In the last 18 months consumers have seen a significant change in the costs of broadband internet services. This change has almost entirely been supported by a substantial increase in infrastructure and competition in the telecommunications space that makes delivering consumer services like broadband internet possible.
However, while consumers are paying 10% of what they were 18 months ago for internet access, corporate companies and enterprises have not seen similar cost reductions.
There are two main reasons why corporate bandwidth costs remain so high:
- Historical lack of competition: One of the largest drivers of low-cost consumer broadband internet services and bandwidth has been a relatively new entrant into the space: Afrihost.
Unlike the providers that have been around for years, Afrihost had little to lose from addressing the market aggressively and at a relevant low-cost base, given a significant reduction in costs in the market. With its target of driving volume and not necessarily profit, it was able to make a substantial impact on the market in a short amount of time, leaving the larger historical players scrambling to react.
The point here is that competition comes from new players in the space; generally not from the larger, older ones.
- Business trust: Even with so many new licensed operators in the enterprise space, businesses are not taking advantage of cost reductions. One of the main reasons is lack of trust. With more at risk, enterprise clients feel that it is safer to remain connected to the big five providers, even though they could be paying considerably less using the newer alternatives.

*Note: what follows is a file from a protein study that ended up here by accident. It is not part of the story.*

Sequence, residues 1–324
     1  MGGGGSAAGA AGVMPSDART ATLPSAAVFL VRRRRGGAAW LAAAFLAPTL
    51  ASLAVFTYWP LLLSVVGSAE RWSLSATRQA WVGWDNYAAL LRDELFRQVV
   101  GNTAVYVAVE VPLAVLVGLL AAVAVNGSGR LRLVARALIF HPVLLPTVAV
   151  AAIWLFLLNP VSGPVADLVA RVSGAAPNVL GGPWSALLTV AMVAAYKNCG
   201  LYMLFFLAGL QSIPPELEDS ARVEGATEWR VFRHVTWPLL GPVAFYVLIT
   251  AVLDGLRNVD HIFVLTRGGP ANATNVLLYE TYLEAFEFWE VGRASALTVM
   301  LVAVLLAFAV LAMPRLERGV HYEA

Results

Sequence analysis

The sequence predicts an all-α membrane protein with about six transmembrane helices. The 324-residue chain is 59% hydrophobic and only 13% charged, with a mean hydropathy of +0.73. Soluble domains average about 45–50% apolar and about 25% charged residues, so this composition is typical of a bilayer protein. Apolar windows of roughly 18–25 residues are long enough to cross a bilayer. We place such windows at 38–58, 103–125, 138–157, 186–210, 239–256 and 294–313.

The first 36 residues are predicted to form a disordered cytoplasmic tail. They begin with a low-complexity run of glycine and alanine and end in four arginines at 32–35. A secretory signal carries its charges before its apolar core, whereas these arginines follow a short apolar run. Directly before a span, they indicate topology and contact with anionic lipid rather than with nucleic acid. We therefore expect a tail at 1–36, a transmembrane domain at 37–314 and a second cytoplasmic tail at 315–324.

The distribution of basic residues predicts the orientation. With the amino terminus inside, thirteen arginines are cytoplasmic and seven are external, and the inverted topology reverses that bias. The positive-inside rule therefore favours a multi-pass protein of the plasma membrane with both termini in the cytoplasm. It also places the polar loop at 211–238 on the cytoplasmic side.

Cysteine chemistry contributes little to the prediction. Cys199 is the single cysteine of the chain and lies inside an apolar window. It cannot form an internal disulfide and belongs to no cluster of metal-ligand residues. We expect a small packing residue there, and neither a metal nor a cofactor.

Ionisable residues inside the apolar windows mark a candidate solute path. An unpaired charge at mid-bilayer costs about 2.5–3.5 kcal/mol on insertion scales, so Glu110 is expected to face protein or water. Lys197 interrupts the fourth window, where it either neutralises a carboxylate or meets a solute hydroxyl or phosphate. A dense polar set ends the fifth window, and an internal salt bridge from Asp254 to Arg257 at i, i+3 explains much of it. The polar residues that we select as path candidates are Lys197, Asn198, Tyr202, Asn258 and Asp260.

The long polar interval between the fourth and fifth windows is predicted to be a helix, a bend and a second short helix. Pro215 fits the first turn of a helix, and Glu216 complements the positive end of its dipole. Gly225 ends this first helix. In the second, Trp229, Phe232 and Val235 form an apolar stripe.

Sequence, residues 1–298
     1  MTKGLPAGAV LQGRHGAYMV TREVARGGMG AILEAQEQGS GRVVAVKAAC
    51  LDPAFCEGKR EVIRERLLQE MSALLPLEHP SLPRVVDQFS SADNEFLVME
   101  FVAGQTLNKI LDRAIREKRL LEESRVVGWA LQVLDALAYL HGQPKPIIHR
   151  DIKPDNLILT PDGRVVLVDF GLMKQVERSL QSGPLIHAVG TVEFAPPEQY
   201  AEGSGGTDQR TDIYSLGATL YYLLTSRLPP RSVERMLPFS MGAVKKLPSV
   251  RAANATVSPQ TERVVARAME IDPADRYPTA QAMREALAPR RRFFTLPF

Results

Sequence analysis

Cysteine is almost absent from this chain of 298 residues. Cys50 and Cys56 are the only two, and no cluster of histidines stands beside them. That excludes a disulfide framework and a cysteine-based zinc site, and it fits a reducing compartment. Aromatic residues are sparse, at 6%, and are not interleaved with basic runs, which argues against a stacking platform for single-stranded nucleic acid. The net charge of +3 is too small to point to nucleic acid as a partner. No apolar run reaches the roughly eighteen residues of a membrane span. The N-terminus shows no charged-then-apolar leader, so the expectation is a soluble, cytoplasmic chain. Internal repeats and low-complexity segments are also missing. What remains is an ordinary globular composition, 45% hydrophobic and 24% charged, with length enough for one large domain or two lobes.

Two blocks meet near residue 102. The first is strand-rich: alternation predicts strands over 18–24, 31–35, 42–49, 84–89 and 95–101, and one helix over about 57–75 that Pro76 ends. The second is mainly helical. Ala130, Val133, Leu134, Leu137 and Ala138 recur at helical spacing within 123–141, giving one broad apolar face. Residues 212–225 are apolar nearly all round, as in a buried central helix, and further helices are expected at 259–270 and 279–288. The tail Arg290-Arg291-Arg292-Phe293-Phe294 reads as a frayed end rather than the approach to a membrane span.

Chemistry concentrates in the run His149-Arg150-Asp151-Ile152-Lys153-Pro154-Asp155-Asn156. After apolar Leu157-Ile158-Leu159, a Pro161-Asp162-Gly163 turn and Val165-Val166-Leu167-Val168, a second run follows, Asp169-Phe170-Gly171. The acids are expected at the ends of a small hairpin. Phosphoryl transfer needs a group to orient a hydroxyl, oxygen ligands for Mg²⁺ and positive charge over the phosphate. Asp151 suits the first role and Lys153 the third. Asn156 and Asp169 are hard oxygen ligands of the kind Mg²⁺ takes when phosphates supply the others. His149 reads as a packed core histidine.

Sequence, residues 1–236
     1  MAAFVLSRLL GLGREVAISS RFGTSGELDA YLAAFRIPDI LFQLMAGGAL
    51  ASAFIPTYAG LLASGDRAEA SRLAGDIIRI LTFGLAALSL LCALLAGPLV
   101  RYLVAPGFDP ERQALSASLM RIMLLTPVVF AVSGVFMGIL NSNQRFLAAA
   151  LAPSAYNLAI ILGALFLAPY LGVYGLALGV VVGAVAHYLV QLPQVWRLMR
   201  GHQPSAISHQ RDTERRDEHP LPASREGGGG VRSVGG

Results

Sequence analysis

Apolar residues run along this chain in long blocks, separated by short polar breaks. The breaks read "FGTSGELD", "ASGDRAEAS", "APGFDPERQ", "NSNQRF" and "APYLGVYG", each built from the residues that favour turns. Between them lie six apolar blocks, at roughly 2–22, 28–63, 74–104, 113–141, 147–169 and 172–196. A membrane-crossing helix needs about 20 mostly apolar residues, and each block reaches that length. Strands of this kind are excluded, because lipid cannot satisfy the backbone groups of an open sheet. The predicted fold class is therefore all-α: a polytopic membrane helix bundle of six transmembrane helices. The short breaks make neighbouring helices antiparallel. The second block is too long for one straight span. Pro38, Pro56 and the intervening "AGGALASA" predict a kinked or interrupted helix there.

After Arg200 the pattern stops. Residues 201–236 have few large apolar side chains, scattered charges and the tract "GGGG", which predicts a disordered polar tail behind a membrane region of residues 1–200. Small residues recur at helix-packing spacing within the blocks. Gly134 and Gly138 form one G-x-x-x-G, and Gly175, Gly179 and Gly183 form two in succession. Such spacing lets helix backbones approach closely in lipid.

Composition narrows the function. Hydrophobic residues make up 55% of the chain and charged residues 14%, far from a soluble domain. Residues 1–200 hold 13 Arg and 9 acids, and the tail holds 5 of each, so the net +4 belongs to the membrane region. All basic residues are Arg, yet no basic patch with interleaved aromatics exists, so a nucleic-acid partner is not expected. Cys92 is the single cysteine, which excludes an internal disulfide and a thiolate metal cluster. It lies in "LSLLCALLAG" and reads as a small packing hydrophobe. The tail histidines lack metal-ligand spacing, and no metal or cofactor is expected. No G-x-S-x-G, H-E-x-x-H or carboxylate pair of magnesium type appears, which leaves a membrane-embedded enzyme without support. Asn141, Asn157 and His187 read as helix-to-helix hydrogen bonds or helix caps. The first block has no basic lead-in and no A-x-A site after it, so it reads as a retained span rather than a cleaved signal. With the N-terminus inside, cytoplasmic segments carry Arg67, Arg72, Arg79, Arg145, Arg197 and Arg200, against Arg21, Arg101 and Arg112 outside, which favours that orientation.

With none of the larger providers driving their prices downwards in line with the real cost of bandwidth, enterprise companies can expect to continue paying more than they should be for bandwidth and broadband internet connectivity.
Today there are some very relevant providers with very strong networks and delivery capabilities - but they are being overlooked. In most cases they are providing more - or exponentially more - bandwidth and services at the same prices as the older large providers. Unfortunately, warning bells sound for many enterprise companies when the price is too low, as this is perceived to imply low quality. While quality should, of course, always be a consideration, more often than not these providers are making a healthy profit from these services.
Either way, the enterprise telecoms landscape is set to explode, or collapse, depending on which side of the fence you are on (client or provider). With the number of dark fibre projects nearing completion locally and nationally, and a substantial excess of capacity in all sectors, you can expect the cost of telecommunications to drop more than 50% in the coming 18 months. This will again be driven primarily by smaller, newer entrants in the telecoms space.
Where corporate bandwidth costs are heading
Predictions are often folly - especially economic ones. However, it's not difficult to get a broad view of where corporate bandwidth prices are going. So I'll confidently stick my neck out and predict the following:
- Metro Ethernet 100 Mbps. Currently at R35, 000 per month, will be down to R12, 000 per month in a year or two;
- National MPLS 100 Mbps. Currently at R200, 000 per month, will be down to R50, 000 per month in coming years;
- International MPLS 50 Mbps. Currently at R150, 000 per month, will be down to R40, 000 per month.
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